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Indigenous Representatives To Meet At Un

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  • Indigenous Representatives To Meet At Un

    New York, May 12 2006 7:00PM
    More than 1,200 representatives of the world's indigenous people kick off a
    12-day meeting at the United Nations on Monday, naming education, health,
    human rights and the environment as among the major challenges they face in
    trying to improve their situation by the 2015 deadline for achieving the
    Millennium Development Goals (MDGs).

    The fifth session of the 16-member Permanent Forum on Indigenous Issues, an
    independent expert group, will give hundreds of indigenous advocates a
    platform to voice concerns, recommend solutions and deliberate with Governments and
    the intergovernmental system on behalf of an estimated 370 million people in
    70 countries, according to the Forum's secretariat.

    "While they are from diverse geographical and cultural backgrounds, they
    share common difficulties: lack of basic health care, limited access to
    education, loss of control over land, abject poverty, displacement, human rights
    violations, and economic and social marginalization," it said in a news release.

    The opening ceremony will launch the Programme of Action for the Second
    International Decade of World's Indigenous People, whose end overlaps with the
    MDG deadline in 2015.

    An increasing concern is the absence of information on HIV/ AIDS in
    indigenous communities and this will be prioritized at the 15 to 26 May session, the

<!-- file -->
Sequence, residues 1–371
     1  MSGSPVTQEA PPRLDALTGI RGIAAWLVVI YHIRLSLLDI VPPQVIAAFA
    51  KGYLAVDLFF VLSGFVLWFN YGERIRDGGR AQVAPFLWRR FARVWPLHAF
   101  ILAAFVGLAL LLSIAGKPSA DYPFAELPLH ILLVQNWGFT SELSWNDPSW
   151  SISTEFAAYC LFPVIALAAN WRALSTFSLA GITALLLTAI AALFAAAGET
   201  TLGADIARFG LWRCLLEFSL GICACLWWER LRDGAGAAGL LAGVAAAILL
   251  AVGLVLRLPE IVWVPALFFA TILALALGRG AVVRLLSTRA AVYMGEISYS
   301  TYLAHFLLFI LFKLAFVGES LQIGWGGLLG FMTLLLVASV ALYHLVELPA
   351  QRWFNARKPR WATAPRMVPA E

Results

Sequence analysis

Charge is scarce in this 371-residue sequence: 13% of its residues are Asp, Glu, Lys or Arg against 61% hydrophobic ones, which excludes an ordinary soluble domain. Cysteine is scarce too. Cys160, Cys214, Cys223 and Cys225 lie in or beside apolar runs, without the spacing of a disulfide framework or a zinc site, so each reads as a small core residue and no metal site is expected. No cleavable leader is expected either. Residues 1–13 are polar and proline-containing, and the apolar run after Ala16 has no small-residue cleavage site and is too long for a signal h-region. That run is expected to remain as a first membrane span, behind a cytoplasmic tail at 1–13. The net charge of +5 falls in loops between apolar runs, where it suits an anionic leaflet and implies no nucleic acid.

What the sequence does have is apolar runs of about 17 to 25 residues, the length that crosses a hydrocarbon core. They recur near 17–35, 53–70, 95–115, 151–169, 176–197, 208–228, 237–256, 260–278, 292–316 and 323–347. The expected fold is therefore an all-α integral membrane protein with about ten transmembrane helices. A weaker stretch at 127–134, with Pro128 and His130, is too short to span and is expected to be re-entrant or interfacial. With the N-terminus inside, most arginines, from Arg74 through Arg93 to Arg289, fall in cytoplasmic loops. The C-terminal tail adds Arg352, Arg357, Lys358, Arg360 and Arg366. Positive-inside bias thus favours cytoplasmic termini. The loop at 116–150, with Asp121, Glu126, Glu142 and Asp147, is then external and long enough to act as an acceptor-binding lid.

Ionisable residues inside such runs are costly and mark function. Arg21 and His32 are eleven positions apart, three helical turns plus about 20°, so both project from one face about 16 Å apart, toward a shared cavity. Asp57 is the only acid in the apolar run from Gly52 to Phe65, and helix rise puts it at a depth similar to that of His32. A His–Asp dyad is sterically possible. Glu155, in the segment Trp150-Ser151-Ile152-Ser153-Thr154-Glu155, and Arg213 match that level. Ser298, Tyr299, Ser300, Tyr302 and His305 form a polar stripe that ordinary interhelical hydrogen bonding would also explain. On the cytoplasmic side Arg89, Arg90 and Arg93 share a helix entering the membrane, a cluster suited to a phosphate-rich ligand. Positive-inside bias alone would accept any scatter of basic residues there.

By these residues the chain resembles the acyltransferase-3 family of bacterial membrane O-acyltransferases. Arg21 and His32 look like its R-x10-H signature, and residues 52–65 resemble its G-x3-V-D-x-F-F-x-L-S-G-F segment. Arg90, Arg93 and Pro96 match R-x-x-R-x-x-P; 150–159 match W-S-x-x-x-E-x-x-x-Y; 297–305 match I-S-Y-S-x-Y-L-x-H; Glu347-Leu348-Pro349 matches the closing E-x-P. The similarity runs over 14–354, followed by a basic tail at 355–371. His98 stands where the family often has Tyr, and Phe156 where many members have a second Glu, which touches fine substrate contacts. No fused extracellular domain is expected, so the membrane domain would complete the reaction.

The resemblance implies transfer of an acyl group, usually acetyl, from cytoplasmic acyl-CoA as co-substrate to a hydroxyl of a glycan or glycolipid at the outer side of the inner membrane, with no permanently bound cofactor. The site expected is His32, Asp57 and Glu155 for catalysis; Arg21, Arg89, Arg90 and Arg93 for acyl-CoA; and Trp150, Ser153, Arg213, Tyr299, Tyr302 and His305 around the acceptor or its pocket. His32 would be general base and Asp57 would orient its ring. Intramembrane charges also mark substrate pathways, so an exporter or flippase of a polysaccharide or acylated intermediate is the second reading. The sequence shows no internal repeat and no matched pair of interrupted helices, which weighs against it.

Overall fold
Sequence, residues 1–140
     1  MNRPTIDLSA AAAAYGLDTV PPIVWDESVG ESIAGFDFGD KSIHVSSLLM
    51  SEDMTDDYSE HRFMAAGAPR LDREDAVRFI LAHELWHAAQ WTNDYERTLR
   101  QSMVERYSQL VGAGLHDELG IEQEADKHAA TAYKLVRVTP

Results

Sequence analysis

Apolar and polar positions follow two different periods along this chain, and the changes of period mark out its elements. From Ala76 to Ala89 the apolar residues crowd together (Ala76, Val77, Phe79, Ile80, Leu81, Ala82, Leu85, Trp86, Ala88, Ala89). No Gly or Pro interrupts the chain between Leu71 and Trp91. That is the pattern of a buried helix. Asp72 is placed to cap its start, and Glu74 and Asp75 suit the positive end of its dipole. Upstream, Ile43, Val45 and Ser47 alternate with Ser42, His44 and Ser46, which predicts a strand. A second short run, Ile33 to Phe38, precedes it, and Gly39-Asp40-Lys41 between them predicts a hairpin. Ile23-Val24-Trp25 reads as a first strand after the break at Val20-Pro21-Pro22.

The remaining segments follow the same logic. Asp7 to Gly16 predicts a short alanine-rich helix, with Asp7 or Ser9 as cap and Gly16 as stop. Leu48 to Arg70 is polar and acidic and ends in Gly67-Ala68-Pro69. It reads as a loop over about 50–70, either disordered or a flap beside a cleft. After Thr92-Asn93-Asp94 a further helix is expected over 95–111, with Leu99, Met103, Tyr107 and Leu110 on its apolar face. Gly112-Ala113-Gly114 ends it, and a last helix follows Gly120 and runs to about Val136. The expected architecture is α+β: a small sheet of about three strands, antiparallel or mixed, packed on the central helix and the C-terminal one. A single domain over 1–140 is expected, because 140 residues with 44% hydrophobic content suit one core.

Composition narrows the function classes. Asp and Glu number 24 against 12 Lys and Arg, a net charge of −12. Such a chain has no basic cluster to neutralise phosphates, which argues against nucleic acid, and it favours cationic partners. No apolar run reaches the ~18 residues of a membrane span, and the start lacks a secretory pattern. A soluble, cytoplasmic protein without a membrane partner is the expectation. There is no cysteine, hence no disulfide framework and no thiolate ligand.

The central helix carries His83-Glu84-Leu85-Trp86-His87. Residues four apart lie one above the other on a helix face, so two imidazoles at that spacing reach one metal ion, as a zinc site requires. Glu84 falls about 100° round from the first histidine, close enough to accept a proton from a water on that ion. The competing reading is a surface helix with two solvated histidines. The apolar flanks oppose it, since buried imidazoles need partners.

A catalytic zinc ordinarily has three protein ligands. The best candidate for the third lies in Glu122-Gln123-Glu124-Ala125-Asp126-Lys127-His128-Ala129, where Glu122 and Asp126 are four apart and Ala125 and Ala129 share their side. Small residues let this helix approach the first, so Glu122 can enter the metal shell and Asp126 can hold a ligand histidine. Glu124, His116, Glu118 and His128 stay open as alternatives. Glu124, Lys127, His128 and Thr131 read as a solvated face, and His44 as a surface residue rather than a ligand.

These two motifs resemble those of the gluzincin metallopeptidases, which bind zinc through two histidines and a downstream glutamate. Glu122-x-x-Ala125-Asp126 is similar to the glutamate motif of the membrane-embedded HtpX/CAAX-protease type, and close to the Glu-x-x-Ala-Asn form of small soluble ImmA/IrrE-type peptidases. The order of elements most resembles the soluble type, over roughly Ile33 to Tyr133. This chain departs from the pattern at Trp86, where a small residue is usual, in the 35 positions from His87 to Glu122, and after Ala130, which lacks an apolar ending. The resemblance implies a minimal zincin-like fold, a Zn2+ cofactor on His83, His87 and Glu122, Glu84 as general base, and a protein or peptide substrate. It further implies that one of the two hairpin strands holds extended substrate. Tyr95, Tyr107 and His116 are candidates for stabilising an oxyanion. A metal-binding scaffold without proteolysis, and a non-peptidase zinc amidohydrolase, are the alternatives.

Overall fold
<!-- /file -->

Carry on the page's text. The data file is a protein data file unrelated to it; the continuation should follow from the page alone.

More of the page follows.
Forum said.

    "The timing of this meeting is very important, especially as Governments
    strengthen efforts concerning the Millennium Development Goals. The upcoming
    session will demand the need for inclusion of indigenous peoples in all
    evaluation and stricter monitoring processes on the progress on the Millennium
    Development Goals," said Elissavet Stamatopoulou, Chief of the Secretariat of the
    UN Permanent Forum on Indigenous Issues.

    The meeting will also highlight inclusion of traditional knowledge and full
    participation of indigenous peoples in decisions that impact their lives,
    based on the principle of free, prior and informed consent.

    Efforts to raise indigenous issues at an international, intergovernmental
    level started in 1923, according to the news release. Chief Deskaheh of the
    Haudenosaunee, also known as the Six Nations Iroquois Confederacy, comprising
    the Seneca, Cayuga, Onondaga, Oneida, Mohawk and Tuscarora Nations, went to try
    to speak to the League of Nations in Geneva in defence of his people's right
    to live on their land, under their own laws and faith, the secretariat said.
    The following year New Zealand Maori Leader Ratana made a similar journey to
    Geneva to plead the cause of his people.

    Although neither one was allowed to speak to the League of Nations, their
    vision inspired the generations that followed, the Forum secretariat said.
    2006-05-12 00:00:00.000


    For more details go to UN News Centre at _

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